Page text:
Sociology Professor Jonathan Imber on the importance of respect for conservative ideals in the academic community

December 6, 2013

Jonathan Imber, Jean Glasscock Professor of Sociology, gave a keynote address at Kennesaw State University (Georgia) last month, “On Teaching Conservatism.” Imber spoke about a Wellesley course he has offered for a decade and the importance of respect for conservative ideals in the academic community.

“There is a need for greater disinterest about matters that are inevitably controversial,” Imber said in an email. “By disinterest I mean simply a way of maintaining civil discourse in an academic environment where the purpose is not to win arguments but rather to understand them. There is always a space for debate, but its rules have always demanded civility and a willingness to listen.”

“If you ask me whether I am “a conservative” or whether I am “conservative,” I will insist on at least an hour to explain myself,” Imber said in his speech. “I ask students whether or not it matters that I profess a conviction about being conservative or being a conservative in order to teach or understand conservatism. By professing to be conservative, does it mean that you automatically assume to know my opinions on everything from abortion to welfare policy, if I even have such opinions?”

His keynote address at Kennesaw State, titled “On Teaching Conservatism,” was covered by the Marietta Daily Journal. “Identity politics” are an oversimplification, he told the crowd. “It is biased to assume to know a person’s political views because of one label. Just because someone might identify as a conservative,” he said. When asked by an anonymous student at the forum what a “closeted conservative should do on a liberal campus,” the Journal reported, Imber said, “Come out.”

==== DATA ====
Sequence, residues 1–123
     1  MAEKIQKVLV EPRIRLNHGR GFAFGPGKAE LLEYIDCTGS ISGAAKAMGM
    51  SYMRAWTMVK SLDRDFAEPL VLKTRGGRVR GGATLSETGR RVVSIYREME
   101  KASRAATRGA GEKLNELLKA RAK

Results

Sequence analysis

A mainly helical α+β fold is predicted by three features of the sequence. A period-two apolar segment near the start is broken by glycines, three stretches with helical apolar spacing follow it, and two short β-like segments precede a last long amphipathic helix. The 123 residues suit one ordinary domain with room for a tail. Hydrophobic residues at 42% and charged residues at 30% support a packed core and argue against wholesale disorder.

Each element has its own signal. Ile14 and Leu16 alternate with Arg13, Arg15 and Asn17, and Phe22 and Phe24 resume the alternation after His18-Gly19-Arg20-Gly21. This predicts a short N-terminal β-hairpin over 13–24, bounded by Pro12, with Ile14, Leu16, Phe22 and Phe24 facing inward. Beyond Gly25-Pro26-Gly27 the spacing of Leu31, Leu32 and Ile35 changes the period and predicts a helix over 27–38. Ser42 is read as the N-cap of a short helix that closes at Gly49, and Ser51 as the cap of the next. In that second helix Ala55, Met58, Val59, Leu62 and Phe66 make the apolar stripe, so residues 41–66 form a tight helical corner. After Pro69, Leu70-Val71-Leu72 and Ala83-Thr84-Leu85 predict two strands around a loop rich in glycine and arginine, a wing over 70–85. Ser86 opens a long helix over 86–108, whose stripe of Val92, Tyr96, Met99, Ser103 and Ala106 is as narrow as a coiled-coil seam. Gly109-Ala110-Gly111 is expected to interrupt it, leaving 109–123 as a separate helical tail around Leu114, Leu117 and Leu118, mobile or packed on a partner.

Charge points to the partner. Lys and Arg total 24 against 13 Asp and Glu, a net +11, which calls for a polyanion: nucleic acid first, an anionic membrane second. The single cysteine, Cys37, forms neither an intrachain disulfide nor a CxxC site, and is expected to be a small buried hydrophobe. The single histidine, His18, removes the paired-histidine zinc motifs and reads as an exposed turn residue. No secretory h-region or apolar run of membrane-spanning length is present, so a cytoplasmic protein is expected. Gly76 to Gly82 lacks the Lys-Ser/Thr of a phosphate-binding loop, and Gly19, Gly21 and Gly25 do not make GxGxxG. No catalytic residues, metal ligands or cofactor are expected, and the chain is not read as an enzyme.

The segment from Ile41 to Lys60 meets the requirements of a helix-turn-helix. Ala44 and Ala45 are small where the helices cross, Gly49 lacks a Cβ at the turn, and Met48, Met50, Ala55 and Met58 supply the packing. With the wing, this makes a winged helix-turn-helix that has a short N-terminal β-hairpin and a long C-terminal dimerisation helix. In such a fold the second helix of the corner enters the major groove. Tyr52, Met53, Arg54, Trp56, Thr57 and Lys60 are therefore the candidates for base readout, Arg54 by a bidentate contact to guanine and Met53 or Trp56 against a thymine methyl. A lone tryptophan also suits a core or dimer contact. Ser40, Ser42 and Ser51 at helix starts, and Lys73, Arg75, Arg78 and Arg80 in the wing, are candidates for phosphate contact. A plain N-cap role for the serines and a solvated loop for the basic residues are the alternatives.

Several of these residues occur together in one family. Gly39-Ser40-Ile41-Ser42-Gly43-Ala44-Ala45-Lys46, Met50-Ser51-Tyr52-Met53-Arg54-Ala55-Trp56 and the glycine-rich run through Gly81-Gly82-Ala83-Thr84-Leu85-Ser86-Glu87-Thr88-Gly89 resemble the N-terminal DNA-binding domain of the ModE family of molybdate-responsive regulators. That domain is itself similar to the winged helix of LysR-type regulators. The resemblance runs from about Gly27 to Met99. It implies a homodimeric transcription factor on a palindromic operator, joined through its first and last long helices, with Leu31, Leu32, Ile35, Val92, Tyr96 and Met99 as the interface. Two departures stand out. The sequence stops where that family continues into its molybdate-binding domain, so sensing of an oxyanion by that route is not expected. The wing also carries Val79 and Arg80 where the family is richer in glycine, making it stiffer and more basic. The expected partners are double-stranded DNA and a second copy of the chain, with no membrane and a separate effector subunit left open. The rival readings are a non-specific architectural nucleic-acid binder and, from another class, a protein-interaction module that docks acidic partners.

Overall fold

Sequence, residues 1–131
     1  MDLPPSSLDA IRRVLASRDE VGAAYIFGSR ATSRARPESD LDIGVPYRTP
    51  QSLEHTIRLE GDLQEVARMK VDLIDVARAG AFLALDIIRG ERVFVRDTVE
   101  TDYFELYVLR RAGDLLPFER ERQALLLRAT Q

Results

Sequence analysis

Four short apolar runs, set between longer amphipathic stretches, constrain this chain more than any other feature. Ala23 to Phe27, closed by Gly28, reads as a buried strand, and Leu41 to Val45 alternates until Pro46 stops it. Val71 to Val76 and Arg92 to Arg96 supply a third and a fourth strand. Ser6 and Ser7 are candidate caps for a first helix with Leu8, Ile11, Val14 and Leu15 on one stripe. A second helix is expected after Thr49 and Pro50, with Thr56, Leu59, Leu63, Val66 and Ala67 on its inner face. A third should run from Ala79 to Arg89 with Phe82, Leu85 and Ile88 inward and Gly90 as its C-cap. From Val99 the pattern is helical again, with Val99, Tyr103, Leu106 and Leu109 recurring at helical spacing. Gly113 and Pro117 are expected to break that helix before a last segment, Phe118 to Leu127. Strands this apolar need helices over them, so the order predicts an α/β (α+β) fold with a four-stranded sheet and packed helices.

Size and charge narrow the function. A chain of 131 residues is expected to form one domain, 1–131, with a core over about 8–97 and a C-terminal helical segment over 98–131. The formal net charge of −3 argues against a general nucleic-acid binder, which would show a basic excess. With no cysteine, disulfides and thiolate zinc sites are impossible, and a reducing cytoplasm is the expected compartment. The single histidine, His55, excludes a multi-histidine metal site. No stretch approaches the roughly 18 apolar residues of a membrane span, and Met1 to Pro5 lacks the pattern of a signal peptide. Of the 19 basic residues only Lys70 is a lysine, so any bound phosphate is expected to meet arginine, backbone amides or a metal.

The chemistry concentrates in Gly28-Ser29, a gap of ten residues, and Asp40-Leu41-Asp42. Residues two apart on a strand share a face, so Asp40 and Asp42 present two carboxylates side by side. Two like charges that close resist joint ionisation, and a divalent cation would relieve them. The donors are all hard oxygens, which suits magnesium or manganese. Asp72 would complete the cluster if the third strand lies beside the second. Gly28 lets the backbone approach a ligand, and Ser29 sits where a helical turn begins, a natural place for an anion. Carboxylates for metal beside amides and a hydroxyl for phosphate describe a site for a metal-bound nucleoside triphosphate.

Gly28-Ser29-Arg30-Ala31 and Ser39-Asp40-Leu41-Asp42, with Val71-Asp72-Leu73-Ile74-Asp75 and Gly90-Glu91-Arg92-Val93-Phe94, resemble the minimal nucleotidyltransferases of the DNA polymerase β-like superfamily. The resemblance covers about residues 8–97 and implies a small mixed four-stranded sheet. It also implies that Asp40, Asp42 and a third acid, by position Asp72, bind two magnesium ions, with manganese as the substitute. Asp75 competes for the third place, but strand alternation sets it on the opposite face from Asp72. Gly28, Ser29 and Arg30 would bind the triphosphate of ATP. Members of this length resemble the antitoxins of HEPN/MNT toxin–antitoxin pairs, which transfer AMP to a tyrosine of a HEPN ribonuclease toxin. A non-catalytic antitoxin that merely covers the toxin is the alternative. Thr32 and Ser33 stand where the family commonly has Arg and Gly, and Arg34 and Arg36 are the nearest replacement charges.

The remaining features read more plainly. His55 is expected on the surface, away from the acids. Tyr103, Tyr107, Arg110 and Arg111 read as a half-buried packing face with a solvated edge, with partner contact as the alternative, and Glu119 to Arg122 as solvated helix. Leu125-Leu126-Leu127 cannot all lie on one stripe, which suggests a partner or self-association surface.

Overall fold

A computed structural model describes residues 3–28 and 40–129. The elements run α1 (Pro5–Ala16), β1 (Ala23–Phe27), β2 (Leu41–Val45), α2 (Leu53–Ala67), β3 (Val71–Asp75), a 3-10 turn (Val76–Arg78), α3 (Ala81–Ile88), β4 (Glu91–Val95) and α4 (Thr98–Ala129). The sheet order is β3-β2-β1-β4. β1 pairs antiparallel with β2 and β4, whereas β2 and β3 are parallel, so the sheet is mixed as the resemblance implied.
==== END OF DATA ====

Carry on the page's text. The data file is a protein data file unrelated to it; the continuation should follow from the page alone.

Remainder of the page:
“On the first day of class in my conservatism course I explain that I am a registered Republican (which remains an astonishing confession to more than a few of my colleagues at my college),” Imber said in his speech. “I emphasize that my political opinions have been deeply informed by what I read. I tell the students that they have arrived in my classroom not to be turned into conservatives but to understand the relationship between their already developing convictions and what they have read and will read. If those convictions are “conservative” or “liberal” my aim is to strengthen both.”

At Wellesley, Imber said he advises students to ask questions about their own and others' arguments and ideas. “The best thing that we teachers can do for our students is to teach, not preach,” Imber said. “Students can always tell when they are being persuaded rather than taught.”

Imber told the KSU crowd, “whether or not I believe conservatism is superior to liberalism or liberalism to conservatism, it is important to remember in my classroom that disagreement is a good thing, especially when it is founded on principles and facts, neither of which points us always in the same direction in any sure way.”

“I hope that my students know that I have only touched the surface of whatever we have addressed in my courses,” Imber said. “I wish them the curiosity to dig deeper and to find ways to help others do the same.”